The Search for General Tso and the Chinese American Belonging

Image from The Search for General Tso

Image from The Search for General Tso

Why is Chinese food in America so different from what we see in China, Taiwan, and Hong Kong? The film, The Search of General Tso, provides an insight to this phenomenon as it traces the history of a dish particularly popular with the Americans — General Tso Chicken. The film brings its audience to Hunan, China where the namesake is from, and to Taiwan to locate the creator of those sweet-spicy deep fried chicken. What at first looks like a superficial quest to ascertain the ownership of a dish turns out to be a bigger story about Chinese American history.

Since the late 19th century, Chinese labours in the west coast experienced severe social and economic discriminations. Many Chinese Americans are in the laundry and restaurant businesses today because those were the only jobs that the white Americans wouldn’t do and breaking into those industries required little capital and English. Despite hating the Chinese, whom they previously accused of monopolising industries and later, during the Cold War, for essentially being Chinese like Chairman Mao, Americans loved Chinese food. The American Jews (and the Christians who happen to hate spending time with their family) ritualistically order Chinese takeout during Christmas; in Sex and the City, Miranda has a Chinese take-out on her speed dial, and Carrie dates Mr Big in a Chinese restaurant. Chinese food in America is for special occasion and for everyday meals.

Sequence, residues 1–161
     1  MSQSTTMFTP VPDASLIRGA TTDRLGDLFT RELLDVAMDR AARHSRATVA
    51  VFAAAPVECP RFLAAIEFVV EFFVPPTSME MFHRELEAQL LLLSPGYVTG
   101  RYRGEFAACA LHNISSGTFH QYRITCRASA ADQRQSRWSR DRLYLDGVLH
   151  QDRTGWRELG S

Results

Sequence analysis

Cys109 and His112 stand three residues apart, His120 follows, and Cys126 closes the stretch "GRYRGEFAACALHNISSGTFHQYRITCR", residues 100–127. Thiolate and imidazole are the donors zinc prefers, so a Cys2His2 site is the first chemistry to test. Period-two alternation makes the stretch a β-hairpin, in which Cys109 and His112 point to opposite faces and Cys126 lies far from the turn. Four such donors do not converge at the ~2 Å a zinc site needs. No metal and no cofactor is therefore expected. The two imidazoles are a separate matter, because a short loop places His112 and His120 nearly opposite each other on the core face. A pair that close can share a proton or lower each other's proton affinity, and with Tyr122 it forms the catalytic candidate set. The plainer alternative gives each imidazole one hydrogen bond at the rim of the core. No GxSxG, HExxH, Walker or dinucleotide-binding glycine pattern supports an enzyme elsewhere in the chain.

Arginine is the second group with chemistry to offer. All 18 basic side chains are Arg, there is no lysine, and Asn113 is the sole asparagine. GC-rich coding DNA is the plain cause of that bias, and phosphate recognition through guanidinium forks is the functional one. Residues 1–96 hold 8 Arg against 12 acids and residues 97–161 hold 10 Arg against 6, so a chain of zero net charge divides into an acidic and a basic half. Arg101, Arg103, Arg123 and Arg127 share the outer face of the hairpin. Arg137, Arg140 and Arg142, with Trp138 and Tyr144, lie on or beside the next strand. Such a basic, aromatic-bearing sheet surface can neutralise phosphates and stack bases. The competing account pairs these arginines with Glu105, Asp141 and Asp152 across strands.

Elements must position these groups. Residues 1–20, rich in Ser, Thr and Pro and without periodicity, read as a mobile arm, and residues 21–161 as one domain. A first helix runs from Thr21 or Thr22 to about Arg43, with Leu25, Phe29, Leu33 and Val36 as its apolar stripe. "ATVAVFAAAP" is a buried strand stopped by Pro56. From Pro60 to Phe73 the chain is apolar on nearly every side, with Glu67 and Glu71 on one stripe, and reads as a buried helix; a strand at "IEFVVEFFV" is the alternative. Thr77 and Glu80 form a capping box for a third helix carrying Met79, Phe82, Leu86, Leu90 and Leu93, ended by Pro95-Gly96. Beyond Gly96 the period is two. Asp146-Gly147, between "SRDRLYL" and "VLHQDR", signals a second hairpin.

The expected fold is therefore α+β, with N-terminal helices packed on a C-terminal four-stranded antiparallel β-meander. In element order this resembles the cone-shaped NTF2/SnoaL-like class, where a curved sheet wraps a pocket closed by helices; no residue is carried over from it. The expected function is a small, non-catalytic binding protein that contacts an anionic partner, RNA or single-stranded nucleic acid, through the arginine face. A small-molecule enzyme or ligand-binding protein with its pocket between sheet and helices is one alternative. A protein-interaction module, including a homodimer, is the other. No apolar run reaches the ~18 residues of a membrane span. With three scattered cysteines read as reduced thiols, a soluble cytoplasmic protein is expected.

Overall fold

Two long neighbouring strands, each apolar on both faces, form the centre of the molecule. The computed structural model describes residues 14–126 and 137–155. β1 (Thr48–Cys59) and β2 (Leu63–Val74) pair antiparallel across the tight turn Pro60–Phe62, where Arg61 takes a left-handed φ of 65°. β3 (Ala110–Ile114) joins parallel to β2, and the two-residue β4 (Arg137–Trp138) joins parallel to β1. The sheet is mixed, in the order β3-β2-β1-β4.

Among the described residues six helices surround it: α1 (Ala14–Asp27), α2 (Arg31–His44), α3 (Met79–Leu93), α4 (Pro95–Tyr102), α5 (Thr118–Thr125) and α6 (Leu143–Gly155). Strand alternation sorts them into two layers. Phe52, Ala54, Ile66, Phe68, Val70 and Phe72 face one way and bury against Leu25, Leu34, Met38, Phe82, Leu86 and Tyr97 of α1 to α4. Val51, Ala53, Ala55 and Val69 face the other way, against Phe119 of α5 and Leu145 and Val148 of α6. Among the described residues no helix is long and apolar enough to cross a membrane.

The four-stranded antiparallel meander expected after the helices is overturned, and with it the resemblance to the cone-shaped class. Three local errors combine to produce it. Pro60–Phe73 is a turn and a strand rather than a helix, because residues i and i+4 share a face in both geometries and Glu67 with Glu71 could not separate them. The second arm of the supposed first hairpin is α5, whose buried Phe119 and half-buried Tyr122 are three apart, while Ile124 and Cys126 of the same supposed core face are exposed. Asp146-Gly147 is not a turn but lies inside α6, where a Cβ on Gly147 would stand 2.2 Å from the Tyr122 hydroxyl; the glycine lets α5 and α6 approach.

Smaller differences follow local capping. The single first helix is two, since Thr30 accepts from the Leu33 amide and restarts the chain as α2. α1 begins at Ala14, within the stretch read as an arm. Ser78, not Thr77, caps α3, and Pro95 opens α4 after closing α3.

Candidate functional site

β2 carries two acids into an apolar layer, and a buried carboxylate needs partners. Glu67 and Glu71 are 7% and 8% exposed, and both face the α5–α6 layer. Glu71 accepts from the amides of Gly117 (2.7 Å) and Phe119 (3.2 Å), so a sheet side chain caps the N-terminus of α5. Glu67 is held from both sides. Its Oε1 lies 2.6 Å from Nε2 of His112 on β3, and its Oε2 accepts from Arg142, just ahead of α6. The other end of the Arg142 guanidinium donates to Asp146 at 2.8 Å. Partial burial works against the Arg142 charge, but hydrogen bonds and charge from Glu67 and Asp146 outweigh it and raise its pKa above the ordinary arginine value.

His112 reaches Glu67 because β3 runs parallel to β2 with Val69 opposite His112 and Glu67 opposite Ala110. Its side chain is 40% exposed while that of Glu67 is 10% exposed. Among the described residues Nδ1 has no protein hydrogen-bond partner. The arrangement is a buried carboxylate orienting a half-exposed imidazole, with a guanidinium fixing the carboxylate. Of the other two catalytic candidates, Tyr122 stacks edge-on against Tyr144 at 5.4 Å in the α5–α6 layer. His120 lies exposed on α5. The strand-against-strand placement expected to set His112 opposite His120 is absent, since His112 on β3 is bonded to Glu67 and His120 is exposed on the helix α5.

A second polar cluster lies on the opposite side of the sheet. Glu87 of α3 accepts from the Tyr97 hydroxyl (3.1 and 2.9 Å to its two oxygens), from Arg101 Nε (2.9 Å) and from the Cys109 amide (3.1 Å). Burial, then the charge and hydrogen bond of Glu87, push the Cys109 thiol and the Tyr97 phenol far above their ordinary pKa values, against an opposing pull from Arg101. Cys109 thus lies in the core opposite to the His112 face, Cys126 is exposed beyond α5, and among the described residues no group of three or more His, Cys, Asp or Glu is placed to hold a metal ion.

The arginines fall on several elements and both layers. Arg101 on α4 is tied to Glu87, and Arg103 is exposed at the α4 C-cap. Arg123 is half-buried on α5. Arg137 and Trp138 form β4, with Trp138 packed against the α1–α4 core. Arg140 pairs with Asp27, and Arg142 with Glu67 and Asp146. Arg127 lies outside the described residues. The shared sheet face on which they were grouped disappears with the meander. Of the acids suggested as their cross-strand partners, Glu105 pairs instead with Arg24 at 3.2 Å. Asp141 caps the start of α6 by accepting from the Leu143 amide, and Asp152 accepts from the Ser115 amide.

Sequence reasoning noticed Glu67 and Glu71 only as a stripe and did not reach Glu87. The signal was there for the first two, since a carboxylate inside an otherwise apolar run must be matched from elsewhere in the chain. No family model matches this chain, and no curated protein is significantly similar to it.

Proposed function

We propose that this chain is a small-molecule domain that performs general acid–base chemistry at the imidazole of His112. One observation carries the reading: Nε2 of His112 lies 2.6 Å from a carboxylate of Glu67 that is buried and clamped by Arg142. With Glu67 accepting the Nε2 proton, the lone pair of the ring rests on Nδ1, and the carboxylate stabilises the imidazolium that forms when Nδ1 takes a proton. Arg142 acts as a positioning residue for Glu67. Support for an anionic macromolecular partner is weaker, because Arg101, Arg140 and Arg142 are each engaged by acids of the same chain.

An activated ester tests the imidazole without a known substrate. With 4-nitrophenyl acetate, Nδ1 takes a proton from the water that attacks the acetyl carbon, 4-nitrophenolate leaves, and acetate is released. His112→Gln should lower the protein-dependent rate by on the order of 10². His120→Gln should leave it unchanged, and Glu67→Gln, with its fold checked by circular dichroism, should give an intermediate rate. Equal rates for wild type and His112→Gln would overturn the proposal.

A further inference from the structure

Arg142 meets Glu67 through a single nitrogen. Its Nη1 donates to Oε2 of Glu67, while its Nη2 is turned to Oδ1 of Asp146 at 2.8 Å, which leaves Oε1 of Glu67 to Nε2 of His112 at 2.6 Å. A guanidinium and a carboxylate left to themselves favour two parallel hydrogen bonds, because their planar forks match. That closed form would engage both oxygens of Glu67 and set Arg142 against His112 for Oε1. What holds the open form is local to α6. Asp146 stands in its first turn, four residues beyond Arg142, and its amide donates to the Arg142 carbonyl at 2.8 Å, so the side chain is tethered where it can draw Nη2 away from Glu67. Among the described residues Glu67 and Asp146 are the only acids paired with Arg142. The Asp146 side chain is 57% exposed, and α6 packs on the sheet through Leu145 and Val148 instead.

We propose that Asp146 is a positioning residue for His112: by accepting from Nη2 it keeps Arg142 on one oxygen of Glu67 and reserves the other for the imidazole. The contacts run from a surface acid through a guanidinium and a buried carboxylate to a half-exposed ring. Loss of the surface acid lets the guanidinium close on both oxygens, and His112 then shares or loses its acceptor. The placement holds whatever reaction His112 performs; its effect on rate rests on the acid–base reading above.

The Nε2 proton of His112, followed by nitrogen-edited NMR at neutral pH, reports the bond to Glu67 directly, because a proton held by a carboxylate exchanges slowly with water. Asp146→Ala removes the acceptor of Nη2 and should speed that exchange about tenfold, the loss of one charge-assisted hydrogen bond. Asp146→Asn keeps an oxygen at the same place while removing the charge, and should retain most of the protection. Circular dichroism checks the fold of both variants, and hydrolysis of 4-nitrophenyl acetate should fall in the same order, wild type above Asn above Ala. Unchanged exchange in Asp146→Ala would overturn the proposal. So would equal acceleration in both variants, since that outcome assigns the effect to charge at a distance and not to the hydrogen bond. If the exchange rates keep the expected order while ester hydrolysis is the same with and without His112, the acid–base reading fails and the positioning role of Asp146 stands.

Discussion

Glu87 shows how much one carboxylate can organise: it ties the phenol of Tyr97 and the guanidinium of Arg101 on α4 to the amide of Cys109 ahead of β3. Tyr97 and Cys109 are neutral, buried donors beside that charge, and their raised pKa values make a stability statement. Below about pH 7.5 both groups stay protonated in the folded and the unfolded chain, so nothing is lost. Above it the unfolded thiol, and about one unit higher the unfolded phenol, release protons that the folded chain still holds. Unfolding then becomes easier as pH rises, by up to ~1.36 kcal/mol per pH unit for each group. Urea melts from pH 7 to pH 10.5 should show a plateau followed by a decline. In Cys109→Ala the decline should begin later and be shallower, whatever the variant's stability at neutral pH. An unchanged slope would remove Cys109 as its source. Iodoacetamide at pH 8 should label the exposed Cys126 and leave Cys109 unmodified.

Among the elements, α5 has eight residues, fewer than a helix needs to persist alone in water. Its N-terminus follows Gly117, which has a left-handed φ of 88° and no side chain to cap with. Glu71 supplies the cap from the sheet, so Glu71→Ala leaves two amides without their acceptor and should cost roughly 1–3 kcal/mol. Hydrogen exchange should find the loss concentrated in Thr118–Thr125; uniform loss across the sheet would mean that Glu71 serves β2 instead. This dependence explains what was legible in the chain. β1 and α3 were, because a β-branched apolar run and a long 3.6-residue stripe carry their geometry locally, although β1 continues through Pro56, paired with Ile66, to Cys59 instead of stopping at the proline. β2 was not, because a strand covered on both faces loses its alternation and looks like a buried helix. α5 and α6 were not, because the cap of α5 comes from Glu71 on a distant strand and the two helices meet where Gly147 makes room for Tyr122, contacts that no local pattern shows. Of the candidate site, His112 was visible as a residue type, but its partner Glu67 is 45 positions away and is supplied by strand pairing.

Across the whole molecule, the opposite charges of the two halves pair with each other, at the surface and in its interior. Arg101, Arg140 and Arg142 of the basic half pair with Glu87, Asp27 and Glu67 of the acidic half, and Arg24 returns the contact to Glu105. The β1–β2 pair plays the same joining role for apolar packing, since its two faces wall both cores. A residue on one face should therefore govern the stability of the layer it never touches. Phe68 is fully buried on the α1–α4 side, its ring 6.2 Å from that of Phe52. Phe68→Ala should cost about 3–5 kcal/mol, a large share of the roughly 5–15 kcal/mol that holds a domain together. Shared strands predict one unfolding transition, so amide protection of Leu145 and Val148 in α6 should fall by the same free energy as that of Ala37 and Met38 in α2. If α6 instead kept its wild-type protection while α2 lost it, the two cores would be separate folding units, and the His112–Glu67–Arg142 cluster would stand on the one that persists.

Winning a nod from a largely unwelcoming society would not have been possible if the Chinese in America had not cooked what the dominant population liked, for example, sweetness. Alterations of any cuisines, often seen as a betrayal to long standing cultures, have frequently been dissed, but as this film rightly points out, General Tso Chicken and the rest of Chinese American cuisine are testimonies to the Chinese’s resilience and adaptability. Chinese American cuisine is not bastardised Chinese food but another of its renditions (along with Southeast Asian Chinese or Taiwanese food) that reflect the unique social and cultural conditions in which the food producers live.

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